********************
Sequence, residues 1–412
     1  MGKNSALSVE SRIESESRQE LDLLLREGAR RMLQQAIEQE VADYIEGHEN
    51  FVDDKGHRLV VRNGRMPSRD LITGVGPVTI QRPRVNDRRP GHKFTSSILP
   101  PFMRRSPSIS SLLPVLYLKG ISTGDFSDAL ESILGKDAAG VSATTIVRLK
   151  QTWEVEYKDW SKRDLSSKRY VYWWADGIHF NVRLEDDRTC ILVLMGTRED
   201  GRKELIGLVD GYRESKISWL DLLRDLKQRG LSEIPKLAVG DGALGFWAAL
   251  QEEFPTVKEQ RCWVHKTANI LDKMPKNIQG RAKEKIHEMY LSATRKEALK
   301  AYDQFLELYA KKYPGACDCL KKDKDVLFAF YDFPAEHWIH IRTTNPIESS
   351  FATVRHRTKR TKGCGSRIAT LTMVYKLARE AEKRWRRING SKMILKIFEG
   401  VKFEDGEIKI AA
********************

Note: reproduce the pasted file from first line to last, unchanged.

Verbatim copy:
Sequence, residues 1–412
     1  MGKNSALSVE SRIESESRQE LDLLLREGAR RMLQQAIEQE VADYIEGHEN
    51  FVDDKGHRLV VRNGRMPSRD LITGVGPVTI QRPRVNDRRP GHKFTSSILP
   101  PFMRRSPSIS SLLPVLYLKG ISTGDFSDAL ESILGKDAAG VSATTIVRLK
   151  QTWEVEYKDW SKRDLSSKRY VYWWADGIHF NVRLEDDRTC ILVLMGTRED
   201  GRKELIGLVD GYRESKISWL DLLRDLKQRG LSEIPKLAVG DGALGFWAAL
   251  QEEFPTVKEQ RCWVHKTANI LDKMPKNIQG RAKEKIHEMY LSATRKEALK
   301  AYDQFLELYA KKYPGACDCL KKDKDVLFAF YDFPAEHWIH IRTTNPIESS
   351  FATVRHRTKR TKGCGSRIAT LTMVYKLARE AEKRWRRING SKMILKIFEG
   401  VKFEDGEIKI AA